• motivation;
  • geriatrics;
  • functional performance;
  • activities of daily living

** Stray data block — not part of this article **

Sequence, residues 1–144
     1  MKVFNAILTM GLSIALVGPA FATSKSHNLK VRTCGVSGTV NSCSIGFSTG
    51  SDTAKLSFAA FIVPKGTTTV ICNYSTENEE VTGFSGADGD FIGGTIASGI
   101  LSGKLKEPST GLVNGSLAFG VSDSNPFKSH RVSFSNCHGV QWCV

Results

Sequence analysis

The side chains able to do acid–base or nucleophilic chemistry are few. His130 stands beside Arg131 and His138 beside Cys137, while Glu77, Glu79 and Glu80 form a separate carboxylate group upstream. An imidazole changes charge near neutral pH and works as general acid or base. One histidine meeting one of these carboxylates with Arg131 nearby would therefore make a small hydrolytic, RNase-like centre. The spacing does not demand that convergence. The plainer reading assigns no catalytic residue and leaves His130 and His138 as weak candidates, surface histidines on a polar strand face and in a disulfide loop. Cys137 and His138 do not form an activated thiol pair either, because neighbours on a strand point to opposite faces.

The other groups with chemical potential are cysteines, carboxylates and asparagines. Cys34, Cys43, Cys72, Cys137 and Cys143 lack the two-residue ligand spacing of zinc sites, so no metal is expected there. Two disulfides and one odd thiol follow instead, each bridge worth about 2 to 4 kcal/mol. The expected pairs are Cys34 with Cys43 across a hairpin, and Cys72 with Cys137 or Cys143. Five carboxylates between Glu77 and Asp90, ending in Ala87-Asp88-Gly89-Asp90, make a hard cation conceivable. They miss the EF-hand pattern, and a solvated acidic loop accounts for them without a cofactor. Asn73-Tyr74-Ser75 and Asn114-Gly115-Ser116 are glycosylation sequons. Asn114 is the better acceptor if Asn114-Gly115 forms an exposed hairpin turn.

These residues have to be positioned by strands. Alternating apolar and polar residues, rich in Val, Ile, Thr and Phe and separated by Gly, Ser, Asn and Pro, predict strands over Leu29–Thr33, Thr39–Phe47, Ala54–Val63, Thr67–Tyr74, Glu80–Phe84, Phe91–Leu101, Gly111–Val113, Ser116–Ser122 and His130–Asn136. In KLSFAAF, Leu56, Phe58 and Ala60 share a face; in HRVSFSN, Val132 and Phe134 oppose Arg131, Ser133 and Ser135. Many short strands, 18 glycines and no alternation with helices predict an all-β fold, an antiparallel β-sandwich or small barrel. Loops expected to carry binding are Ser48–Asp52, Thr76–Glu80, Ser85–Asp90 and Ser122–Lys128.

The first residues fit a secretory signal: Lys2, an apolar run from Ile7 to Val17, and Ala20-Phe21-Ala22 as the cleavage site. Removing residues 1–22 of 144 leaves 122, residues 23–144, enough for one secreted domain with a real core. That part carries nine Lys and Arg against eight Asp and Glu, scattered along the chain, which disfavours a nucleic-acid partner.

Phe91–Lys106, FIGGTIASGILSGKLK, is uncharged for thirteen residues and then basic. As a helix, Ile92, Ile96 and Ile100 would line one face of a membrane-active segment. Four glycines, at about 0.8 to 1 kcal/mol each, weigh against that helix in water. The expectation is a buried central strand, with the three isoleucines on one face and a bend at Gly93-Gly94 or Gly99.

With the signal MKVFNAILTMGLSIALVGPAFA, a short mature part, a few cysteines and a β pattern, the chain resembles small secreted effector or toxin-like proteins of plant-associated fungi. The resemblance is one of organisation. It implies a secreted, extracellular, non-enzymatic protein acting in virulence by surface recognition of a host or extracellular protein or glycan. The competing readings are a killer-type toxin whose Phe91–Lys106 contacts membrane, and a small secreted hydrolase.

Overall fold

Motivation to perform activities of daily living in the institutionalized older adult: can a leopard change its spots?¶The concept of motivation has great relevance for the older adult because of the multiple problems that can result in functional limitations. The ability to overcome and transcend these problems is related to the individuals' motivation to maintain and/or improve function. The purpose of this study, which used a naturalistic or constructivist inquiry, was to explore what motivates the institutionalized older adult to perform functional activities. Primary selection was used to obtain the sample which included 44 older adults, 37 (84%) females, and 7(16%) males. The average of participants was 88 ± 6·4, and they were institutionalized for 2·8 ± 2·8 years. Semi-structured interviews were done in the participants room. Data analysis involved content analysis. A total of 27 codes were initially identified, and these were categorized and developed into five major themes: Personality, Goals, Beliefs, Fear and Physical factors. The participants indicated that basic personality had a major on motivation, i.e. `a leopard can't change his spots'. Further findings suggested that although personality may be central to the individuals' motivation to perform, goals, fear, beliefs and physiological sensations also influenced motivation and behavior. Appropriate interventions can be used to foster motivation to perform functional activities for institutionalized older adults.